missiontohealmugA founding member of Legatus’ Dublin Chapter, Sheehan actively circulates among the members and guests at meetings. His membership and his reputation as a “leading businessman and health care person is great for the reputation of the chapter,” Reid said. “And because people know he’s also a good Christian, he encourages people to live out their faith.”

The root of Sheehan’s success, Reid said, is his deep prayer life. In spite of a busy schedule, he explained, Sheehan makes “time for prayer, reflection and contemplation — and time before the Blessed Sacrament every day.”

As for Jimmy and Rosemary, their Legatus membership has been “very beneficial to us both,” the doctor said. “I was involved in the first meeting in Ireland almost 10 years ago, by invitation, and attended because I felt it should be supported. I’ve only missed one meeting. It encourages you, and I think even the recent Summit meeting was inspiring. You come back refreshed and motivated to participate more actively in faith-related aspects.”

Asked if he has a favorite Scripture passage, Sheehan pointed to the lines from St. Paul’s letter to the Romans which are prominently displayed outside the chapel in the Galway Clinic: “Sickness brings patience. Patience brings perseverance. Perseverance brings hope” (Rom 5:3-4).

Sheehan has admittedly been impatient at the lack of care many of his countrymen suffered. But he has persevered, using both medical skills and business acumen to do something about it.

JOHN BURGER is a Connecticut-based freelance writer and editor.

Philly: World Meeting of Families

Philadelphia archdiocese hopeful that Pope Francis will attend 2015 gathering . . .

Now that Pope Francis has been installed as the 266th successor of St. Peter, the Archdiocese of Philadelphia is hopeful the Holy Father’s first visit to North America is only two years away.

The Vatican officially announced on Feb. 25 that the City of Brotherly Love had been officially chosen to host the eighth World Meeting of Families in 2015.

Papal visit?

This marks the first time that the event, established by Blessed John Paul II in 1994, will be held in the United States. Hundreds of thousands of people from around the world are expected to attend. The event was last hosted in 2012 by Milan, Italy, where more than 1 million people from 153 nations gathered for a Mass with Pope Benedict XVI.

The announcement represents positive news for an archdiocese that has been unsettled recently by sexual-abuse scandals and Catholic school closings.

Archbishop Charles Chaput

Archbishop Charles Chaput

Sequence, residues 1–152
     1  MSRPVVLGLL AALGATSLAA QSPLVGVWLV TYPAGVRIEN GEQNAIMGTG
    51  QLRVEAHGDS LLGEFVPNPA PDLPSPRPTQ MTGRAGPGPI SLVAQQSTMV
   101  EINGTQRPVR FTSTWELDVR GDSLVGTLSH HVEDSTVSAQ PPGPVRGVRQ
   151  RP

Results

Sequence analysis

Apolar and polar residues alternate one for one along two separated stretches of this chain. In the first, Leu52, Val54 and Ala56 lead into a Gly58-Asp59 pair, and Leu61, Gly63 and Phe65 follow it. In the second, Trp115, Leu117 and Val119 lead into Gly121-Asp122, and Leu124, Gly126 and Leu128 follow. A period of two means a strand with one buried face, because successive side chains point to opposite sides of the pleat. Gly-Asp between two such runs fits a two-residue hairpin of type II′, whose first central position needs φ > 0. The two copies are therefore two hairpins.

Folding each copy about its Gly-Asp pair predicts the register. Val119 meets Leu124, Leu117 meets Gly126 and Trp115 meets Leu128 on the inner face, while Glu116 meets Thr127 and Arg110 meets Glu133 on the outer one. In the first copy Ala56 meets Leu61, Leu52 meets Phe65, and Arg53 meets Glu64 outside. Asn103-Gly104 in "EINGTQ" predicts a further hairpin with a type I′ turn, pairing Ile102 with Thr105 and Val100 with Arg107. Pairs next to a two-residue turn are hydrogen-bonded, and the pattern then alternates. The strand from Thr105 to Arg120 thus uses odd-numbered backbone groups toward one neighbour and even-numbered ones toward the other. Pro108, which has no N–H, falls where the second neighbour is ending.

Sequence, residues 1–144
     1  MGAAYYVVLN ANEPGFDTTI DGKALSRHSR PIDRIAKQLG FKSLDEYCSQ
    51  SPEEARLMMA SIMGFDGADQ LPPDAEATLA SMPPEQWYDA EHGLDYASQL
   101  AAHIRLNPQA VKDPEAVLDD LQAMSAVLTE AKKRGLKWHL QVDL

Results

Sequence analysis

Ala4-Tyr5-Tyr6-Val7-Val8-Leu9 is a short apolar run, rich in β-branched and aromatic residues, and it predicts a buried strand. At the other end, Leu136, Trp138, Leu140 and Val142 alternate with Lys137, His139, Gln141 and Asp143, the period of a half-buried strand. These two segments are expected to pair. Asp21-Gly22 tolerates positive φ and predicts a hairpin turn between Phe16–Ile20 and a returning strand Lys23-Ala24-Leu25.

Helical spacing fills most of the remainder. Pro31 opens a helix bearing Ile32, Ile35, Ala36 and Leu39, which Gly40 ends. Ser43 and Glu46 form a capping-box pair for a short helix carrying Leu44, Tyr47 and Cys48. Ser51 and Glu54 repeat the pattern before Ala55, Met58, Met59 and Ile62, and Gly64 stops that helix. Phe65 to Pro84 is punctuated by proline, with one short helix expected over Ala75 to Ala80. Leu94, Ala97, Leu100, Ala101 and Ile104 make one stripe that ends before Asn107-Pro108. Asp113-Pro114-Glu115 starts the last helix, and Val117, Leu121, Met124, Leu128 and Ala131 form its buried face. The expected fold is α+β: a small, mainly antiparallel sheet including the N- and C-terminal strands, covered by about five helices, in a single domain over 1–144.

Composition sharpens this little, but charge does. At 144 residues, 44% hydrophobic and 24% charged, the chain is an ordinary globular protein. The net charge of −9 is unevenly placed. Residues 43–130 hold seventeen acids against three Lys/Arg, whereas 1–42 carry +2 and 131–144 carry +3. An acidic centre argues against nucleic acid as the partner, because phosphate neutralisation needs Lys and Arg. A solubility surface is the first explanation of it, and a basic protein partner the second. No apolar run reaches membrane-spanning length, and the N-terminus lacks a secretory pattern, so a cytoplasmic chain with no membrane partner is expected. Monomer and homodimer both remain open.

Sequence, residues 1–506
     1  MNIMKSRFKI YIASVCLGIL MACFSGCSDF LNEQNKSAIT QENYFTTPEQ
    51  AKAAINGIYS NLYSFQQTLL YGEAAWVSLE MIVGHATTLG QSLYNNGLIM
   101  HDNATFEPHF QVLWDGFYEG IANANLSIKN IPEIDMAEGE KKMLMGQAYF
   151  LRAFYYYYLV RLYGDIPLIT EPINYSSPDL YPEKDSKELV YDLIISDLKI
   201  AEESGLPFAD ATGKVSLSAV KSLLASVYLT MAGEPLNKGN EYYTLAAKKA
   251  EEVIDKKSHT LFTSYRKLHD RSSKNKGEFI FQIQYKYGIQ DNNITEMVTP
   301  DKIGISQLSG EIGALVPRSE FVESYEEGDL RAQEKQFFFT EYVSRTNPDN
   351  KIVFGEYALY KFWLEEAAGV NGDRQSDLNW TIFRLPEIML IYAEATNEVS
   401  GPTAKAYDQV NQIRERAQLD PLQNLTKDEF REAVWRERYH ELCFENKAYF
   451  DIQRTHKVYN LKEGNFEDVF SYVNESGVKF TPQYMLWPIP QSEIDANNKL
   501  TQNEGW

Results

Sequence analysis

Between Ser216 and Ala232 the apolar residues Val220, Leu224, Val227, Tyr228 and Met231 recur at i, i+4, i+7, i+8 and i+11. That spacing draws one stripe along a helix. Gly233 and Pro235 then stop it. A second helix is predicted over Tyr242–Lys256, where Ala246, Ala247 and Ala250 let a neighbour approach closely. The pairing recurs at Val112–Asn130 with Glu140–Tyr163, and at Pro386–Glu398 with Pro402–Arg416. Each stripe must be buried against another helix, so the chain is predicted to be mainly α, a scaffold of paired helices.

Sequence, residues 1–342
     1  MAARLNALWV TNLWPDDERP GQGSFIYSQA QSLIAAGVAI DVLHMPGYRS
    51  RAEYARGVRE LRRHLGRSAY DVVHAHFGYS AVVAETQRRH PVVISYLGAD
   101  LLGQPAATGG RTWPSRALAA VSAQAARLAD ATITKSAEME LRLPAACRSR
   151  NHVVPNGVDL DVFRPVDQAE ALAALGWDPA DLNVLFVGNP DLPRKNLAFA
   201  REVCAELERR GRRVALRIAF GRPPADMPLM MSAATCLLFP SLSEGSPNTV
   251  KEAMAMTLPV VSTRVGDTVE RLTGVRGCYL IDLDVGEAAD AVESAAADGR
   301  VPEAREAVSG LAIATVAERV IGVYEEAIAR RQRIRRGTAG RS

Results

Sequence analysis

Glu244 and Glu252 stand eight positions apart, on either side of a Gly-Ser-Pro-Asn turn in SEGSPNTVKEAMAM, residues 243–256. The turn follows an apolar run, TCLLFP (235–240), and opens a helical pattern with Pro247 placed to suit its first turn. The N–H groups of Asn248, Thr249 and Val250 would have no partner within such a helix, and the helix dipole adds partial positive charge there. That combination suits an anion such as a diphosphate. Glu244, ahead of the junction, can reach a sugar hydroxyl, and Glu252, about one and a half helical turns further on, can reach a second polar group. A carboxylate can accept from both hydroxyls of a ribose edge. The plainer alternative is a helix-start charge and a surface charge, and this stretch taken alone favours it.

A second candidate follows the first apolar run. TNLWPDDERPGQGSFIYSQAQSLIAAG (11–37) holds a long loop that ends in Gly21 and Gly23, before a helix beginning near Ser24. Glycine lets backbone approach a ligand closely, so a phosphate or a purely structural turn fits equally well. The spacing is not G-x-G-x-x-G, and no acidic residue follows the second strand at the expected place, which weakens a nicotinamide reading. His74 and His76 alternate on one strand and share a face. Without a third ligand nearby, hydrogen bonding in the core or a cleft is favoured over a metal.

Faithful Catholics, Philadelphia Archbishop Charles Chaput explained, long for an opportunity “to show their love of God and his Church to the world, to deepen God’s presence in their own families and to share Jesus Christ with a world that urgently needs him.”

The meeting, which seeks to celebrate the good news of the family and its intrinsic value to the good of society, will be held Sept. 22-27, 2015.

“The more we encourage and support the integrity of families, the healthier society becomes,” said Archbishop Chaput.

In a standing-room-only conference room crowded with cameras and media, Archbishop Chaput, in response to a question, stated that he fully expected the new pope to attend the meeting in Philadelphia.

Not just for Catholics

In 1979, John Paul II visited the Philadelphia region, which is home to an estimated 1.5 million Catholics. But, as the Philadelphia archbishop pointed out, the meeting isn’t only for Catholics.

“The World Meeting of Families is meant to be a gift not just to Catholics in Philadelphia, but to every person of good will in the Commonwealth of Pennsylvania and surrounding areas,” the archbishop said. “Everyone with a generous heart is welcome to be a part of it.”

Archbishop Chaput, in a lighthearted moment, said, “I’ve been asked why the Holy Father picked Philadelphia. The answer is simple. His Holiness didn’t tell me.”

But he quickly pointed out Philadelphia’s “uniquely rich” history as one of the birthplaces of the political ideals of human rights, religious freedom and human dignity. The issue of religious liberty was close to Emeritus Pope Benedict’s heart for many years, and he spoke about it many times throughout his pontificate.

“He’s always seen the strength of the family as a guarantee of human maturity and freedom,” noted Archbishop Chaput of the now-retired Pope. “The more we encourage and support the integrity of families, the healthier society becomes.”

He also pointed to Philadelphia as being home to two great American saints — Mother Katharine Drexel and Bishop John Neumann, whose legacies of Catholic education and service continue today in Catholic ministries.

Archbishop Chaput told reporters that the cost of the event in Milan was in excess of $15 million, and that a lay board would be working in coming months with the U.S. Conference of Catholic Bishops to raise funds for the expenses associated with the meeting.

The logo for the eighth World Meeting of Families was also unveiled on Feb. 25 — a bell with a cross and five distinct figures, designed to reflect “family unity, the city itself and also the city’s role as the birthplace of religious freedom in the United States,” according to a statement by the archdiocese.

MATT ARCHBOLD is a Philadelphia-based journalist. This article has been updated from the original version, published at NCRegister.com on Feb. 25. Reprinted with permission.

Integrity on the playing field of life

Paul J. Voss writes that baseball players linked to performance-enhancing drugs have been denied entrance into the Baseball Hall of Fame. While politicians and celebrities who lack integrity often get a free pass with regard to ethics, sports are different Christians, too, are called to a higher standard. We cannot simply be Sunday-morning Catholics . . .

Paul J. Voss

Paul J. Voss

Each January, the Baseball Writers’ of America Association (BBWAA) announces the results of the annual Hall of Fame voting. The 2013 ballot included some rather impressive names, including Roger Clemens (a seven-time Cy Young award winner), Barry Bonds (the all-time home run king), and Sammy Sosa (the only person in MLB history to hit more than 60 home runs in three different seasons).